Dear All About Jazz Readers,

If you're familiar with All About Jazz, you know that we've dedicated over two decades to supporting jazz as an art form, and more importantly, the creative musicians who make it. Our enduring commitment has made All About Jazz one of the most culturally important websites of its kind in the world reaching hundreds of thousands of readers every month. However, to expand our offerings and develop new means to foster jazz discovery we need your help.

You can become a sustaining member for a modest $20 and in return, we'll immediately hide those pesky Google ads PLUS deliver exclusive content and provide access to future articles for a full year! This combination will not only improve your AAJ experience, it will allow us to continue to rigorously build on the great work we first started in 1995. Read on to view our project ideas...

281

Jacqui Dankworth: It Happens Quietly

Bruce Lindsay By

Sign in to view read count
It Happens Quietly is an album of great beauty. Singer Jacqui Dankworth is at the top of her game, investing this collection of songs with superb technique and humanity. She's ably assisted by superb musicians, and by some of the loveliest and most creative arrangements to grace a jazz record for some time. There's an element of poignancy too, as this album is the last work undertaken by Jacqui's father, Sir John Dankworth, before his death in 2010.

Sir John was one of the UK's best-known and most talented jazz saxophonists, composers and arrangers. Jacqui followed her mother, Dame Cleo Laine, to become an accomplished actress as well as a fine singer while her brother Alec Dankworth took up the double-bass, and is also featured on this recording.

It Happens Quietly boasts some fine arrangements—written by Sir John with the assistance of Ken Gibson. Coupled with Jacqui's voice, these arrangements give the album a calm gentleness, a romanticism and a very human warmth. There's terrific musicianship, too. Harry Warren's "At Last" typifies all of these qualities; a superbly relaxed ensemble performance, Tim Garland's tenor solo adding a touch of urgency, and Jacqui's perfectly timed vocals creating a faultless reading of this beautiful song.

The highlights come thick and fast across all 12 tunes, but honorable mentions should go also to Karen Sharp's mellow tenor solo on "Ill Wind," Ben Davis' cello on "A Love Like Ours;" and Steve Brown's Latin-tinged drums and Chris Allard's fluid guitar on "In The Still of the Night."

Sir John appears on "A Nightingale Sang In Berkeley Square" and "The Man." He can be heard on both songs bringing the musicians together, counting in the tune. His single instrumental appearance is his alto solo on "The Man," one of his own tunes with lyrics by Jacqui. It's a light-hearted, even jaunty, song and Sir John's brief solo—actually taken from an earlier recording of the song for a music library project—fits elegantly into the arrangement.

Two stripped-down duo performances also stand out. On "Blame It On My Youth" Jacqui is accompanied solely by Malcolm Edmonstone's piano, on "The Folks Who Live On The Hill" she's joined by Allard on acoustic guitar. Such sparse, spacious arrangements could readily expose any imperfections. Here they serve to demonstrate Jacqui's absolutely exquisite vocals—controlled, crystal-clear, perfectly capturing the subtle emotional power of the lyrics—and Edmonstone and Allard's masterful skills as accompanists.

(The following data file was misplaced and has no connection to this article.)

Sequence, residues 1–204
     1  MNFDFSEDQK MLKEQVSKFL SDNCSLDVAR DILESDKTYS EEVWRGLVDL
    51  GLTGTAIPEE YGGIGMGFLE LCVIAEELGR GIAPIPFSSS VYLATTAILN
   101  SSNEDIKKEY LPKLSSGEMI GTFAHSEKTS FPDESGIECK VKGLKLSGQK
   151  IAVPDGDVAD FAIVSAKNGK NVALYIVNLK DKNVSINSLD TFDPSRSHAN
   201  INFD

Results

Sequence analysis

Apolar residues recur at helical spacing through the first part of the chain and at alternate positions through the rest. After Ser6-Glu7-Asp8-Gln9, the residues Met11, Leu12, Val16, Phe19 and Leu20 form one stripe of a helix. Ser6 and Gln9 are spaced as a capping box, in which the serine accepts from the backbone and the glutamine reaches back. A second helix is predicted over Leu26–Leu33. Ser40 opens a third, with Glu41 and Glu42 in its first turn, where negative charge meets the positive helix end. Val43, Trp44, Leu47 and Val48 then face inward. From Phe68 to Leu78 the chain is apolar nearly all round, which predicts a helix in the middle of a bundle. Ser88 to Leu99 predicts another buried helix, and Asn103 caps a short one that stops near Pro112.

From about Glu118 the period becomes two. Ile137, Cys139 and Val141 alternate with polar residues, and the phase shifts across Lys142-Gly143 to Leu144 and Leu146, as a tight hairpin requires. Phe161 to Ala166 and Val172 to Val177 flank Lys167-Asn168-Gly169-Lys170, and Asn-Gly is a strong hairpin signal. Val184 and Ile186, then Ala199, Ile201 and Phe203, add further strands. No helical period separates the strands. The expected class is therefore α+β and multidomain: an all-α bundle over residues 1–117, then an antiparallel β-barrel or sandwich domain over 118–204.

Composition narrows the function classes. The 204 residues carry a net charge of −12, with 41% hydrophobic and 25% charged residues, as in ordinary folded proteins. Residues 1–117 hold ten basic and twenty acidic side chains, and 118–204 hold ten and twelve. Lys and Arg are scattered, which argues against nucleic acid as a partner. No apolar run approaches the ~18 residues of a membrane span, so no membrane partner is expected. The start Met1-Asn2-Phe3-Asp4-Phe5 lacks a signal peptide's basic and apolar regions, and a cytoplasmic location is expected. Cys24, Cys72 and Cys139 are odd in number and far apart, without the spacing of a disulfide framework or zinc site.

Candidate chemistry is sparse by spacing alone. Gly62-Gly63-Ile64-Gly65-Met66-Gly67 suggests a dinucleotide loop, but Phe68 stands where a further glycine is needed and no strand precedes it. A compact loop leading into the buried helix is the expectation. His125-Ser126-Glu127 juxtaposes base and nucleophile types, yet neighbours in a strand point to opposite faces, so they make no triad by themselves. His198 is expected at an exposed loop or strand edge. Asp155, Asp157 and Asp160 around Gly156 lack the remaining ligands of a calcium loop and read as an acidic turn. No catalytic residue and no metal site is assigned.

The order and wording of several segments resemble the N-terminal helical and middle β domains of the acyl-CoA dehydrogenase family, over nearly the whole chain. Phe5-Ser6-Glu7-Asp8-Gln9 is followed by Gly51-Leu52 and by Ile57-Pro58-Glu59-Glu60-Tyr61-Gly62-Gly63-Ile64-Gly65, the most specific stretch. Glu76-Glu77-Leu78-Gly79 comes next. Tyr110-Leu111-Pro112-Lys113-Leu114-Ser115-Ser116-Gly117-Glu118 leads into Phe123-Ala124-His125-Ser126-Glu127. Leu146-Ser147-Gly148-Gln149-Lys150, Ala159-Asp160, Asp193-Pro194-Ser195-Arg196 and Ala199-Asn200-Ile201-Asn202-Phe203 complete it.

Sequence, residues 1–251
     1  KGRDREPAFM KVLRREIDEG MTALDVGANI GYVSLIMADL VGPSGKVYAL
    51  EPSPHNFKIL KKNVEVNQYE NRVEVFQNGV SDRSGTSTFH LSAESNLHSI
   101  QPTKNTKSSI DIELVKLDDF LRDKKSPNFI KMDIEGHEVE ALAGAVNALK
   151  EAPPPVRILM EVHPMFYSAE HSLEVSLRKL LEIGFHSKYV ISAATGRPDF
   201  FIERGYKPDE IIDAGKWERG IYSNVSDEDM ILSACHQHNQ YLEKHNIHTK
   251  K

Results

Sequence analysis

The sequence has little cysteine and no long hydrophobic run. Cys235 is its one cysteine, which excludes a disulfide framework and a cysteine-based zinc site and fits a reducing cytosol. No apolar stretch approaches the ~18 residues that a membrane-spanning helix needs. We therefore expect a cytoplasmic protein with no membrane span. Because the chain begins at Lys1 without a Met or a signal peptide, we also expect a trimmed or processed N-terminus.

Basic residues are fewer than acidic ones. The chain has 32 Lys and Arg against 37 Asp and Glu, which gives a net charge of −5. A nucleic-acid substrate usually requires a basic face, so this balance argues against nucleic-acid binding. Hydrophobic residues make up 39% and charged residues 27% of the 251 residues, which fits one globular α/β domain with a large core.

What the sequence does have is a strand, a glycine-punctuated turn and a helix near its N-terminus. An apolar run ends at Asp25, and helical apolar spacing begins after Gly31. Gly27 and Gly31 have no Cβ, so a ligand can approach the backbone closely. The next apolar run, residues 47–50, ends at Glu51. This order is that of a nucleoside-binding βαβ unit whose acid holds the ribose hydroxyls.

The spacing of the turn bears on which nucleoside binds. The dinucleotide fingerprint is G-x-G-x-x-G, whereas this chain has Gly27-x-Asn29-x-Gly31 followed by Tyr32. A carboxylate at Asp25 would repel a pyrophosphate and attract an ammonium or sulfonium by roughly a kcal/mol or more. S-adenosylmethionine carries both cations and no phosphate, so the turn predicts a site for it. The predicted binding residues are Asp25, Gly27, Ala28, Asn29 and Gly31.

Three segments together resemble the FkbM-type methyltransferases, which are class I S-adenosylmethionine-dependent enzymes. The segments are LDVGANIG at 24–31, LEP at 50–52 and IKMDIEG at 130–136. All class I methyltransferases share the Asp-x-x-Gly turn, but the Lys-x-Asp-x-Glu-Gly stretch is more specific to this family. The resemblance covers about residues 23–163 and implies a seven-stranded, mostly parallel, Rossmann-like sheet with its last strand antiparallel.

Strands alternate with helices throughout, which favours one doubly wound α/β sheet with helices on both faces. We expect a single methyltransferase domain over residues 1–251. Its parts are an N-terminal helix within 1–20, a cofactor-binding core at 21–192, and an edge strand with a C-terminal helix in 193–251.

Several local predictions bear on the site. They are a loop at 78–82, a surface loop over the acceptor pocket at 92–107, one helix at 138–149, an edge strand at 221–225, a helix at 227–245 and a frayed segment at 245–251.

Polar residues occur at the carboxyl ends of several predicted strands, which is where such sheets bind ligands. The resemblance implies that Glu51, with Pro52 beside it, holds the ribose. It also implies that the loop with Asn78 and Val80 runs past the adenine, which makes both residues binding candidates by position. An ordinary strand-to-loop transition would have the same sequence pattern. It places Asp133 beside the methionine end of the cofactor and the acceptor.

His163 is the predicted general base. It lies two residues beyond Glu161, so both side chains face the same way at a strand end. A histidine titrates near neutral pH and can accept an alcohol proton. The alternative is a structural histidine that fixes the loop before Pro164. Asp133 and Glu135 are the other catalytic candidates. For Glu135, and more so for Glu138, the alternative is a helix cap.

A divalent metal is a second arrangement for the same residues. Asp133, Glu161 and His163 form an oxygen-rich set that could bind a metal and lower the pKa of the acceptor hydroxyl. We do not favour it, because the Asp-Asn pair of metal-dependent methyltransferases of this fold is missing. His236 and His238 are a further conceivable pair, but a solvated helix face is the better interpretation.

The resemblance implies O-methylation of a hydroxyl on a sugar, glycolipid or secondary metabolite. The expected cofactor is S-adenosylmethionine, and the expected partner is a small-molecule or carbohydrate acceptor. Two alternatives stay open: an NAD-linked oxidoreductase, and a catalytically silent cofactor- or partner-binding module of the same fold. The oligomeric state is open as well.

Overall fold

"It happens quietly" Jacqui sings on the title song, written by her father and lyricist Buddy Kaye, "because it's real." Her voice, the music, the arrangements, celebrate life; friendship, love, family, relationships; in its perfect, and not so perfect, moments. It Happens Quietly is one of the perfect moments.

Track Listing: A Nightingale Sang In Berkeley Square; In The Still of the Night; It Happens Quietly; I'm Glad There Is You; A Love Like Ours; My Foolish Heart; Make Someone Happy; Blame It On My Youth; Ill Wind; At Last; The Man; The Folks Who Live On The Hill.

Personnel: Jacqui Dankworth: vocals; Henry Lowther: trumpet; Barnaby Dickenson: trombone; Dave Laurance: French horn; John Dankworth: alto saxophone; Tim Garland: soprano saxophone, tenor saxophone; Jimmy Hastings: flute, bass clarinet; Karen Sharp: tenor saxophone, bass clarinet; Malcolm Edmonstone: piano; Chris Allard: guitar; Alec Dankworth: bass; Andrew Bain: drums; Sally Herbert: violin; Everton Nelson: violin; Francis Dewar: violin; Alison Dodds: violin; Gareth Griffiths: violin; Peter Hanson: violin; Ian Humphries: violin; Tom Piggott-Smith: violin; Clare Finnemore: viola; Bruce White: viola; Ian Brurdge: cello; Chris Worsley: cello; Ben Davis: cello; Steve Watts: bass (2, 5, 7); Steve Brown: drums (2, 5, 7).

Title: It Happens Quietly | Year Released: 2011 | Record Label: Specific Jazz

Tags

Watch

comments powered by Disqus

Shop

Start your shopping here and you'll support All About Jazz in the process. Learn how.

Related Articles

Read Kresten Osgood Quintet Plays Jazz Album Reviews
Kresten Osgood Quintet Plays Jazz
By Dan McClenaghan
January 21, 2019
Read The Poetry of Jazz Volume Two Album Reviews
The Poetry of Jazz Volume Two
By Victor L. Schermer
January 21, 2019
Read Mesophase Album Reviews
Mesophase
By Glenn Astarita
January 21, 2019
Read Rasif Album Reviews
Rasif
By Chris M. Slawecki
January 21, 2019
Read Live at the Black Musicians' Conference, 1981 Album Reviews
Live at the Black Musicians' Conference, 1981
By John Sharpe
January 20, 2019
Read More Than One Thing Album Reviews
More Than One Thing
By Gareth Thompson
January 20, 2019
Read Wandering Monster Album Reviews
Wandering Monster
By Roger Farbey
January 20, 2019